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Michael Jackson got his start in Detroit. Soon, he'll have a street there.

Jackson 5
CBS Television
Wikimedia Commons / http://bit.ly/1xMszCg
Event organizers and the city say they are also discussing plans for a street named after the entire group.

Fifty years ago, five brothers from Gary, Indiana signed a record deal with Detroit’s Motown label.

Next month, the city will honor those brothers — better known as the Jackson 5 — during the Detroit Music Weekend, a four-day-long music festival that aims to showcase all the creativity coming out of the city.

Part of the celebration will include renaming a section of Randolph St. in downtown Detroit after the group's most famous member — Michael Jackson.

The four surviving Jackson brothers will headline the festival. The group will also throw out the first pitch at a baseball game at Comerica Park, attend a reception and gala in their honor, and receive the keys to the city. Then they’ll perform in a free concert on Saturday evening.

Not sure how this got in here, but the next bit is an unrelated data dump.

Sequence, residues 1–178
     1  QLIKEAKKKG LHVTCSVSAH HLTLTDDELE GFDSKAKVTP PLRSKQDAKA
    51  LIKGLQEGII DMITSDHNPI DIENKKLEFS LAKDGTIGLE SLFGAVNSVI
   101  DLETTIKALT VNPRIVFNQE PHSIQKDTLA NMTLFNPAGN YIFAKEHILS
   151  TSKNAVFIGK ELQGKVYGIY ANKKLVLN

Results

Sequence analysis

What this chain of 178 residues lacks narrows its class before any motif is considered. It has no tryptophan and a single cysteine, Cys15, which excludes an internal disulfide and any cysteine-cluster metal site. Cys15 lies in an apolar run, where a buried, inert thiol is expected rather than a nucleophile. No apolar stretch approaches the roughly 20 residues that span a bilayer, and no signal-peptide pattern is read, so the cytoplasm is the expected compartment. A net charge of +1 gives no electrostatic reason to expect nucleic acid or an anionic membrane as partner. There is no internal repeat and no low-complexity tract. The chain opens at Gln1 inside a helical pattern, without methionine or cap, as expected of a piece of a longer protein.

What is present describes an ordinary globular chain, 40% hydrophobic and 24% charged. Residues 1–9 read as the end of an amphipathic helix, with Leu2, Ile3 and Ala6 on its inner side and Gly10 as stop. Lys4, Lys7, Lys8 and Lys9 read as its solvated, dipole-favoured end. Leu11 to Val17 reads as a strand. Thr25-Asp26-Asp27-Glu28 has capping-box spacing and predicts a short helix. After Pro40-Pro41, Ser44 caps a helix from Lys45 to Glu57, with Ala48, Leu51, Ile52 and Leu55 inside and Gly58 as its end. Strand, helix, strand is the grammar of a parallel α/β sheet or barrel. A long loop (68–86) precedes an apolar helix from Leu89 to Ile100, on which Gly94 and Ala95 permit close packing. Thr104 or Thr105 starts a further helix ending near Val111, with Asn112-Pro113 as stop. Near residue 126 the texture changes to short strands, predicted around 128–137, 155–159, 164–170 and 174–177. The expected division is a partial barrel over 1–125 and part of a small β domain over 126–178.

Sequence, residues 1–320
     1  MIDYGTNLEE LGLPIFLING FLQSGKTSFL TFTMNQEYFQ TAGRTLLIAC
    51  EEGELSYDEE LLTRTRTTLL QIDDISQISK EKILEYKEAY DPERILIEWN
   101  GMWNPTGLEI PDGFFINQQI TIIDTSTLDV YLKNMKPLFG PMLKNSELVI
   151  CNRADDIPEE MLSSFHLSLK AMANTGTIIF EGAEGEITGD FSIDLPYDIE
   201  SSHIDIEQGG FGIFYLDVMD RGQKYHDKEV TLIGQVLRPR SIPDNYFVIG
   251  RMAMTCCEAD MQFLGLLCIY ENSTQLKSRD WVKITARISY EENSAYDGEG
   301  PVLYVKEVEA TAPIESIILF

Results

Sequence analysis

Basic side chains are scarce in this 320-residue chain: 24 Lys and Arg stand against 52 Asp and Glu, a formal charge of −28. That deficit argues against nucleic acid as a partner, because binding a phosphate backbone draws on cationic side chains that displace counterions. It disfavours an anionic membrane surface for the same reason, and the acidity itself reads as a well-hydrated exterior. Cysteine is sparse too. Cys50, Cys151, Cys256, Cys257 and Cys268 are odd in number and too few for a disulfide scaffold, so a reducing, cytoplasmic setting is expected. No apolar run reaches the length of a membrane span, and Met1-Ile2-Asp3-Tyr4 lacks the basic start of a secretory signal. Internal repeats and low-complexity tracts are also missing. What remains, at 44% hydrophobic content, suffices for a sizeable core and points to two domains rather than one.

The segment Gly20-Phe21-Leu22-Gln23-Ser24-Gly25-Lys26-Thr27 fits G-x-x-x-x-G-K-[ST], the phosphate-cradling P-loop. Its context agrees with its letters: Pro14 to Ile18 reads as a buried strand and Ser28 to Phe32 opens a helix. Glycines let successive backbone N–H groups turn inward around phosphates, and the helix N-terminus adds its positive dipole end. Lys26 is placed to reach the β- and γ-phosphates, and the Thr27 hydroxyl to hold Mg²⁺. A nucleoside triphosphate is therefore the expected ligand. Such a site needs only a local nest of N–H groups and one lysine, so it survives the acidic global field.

Event staff are also working with the city to find another street to name in honor of the whole Jackson 5 group, which they hope to unveil at the festival as well.

Vince Paul is the founder and director of Detroit Music Weekend. He says last year’s festival honoring Motown singer Aretha Franklin brought worldwide attention to Detroit’s creative past and present. He expects the same to happen this year.

“I think the intention is to really examine Detroit's perception worldwide. How do they perceive us? I think there's some sort of underground, grassroots [idea that] something really cool is happening in Detroit — this really removes all doubt.”

Paul says he’s pleased with the level of enthusiasm the city has shown for honoring the Jackson 5 and the excitement about the event as a whole.

“You're able to have sort of that happy spirit of collaboration. Say, 'yes, we want this to happen,' as opposed to 'no, this is a pain.'”

The festival will feature performances of every genre of music that can be found in southeast Michigan, according to Paul. The weekend feature over 400 performers in all areas of the arts, as well as the MotorCity Market, where local artisans will sell their work.



Maya Goldman is a newsroom intern for Michigan Radio. She is currently a student at the University of Michigan, where she studies anthropology and writing. During the school year, Maya also works as a senior news editor and podcast producer for The Michigan Daily.
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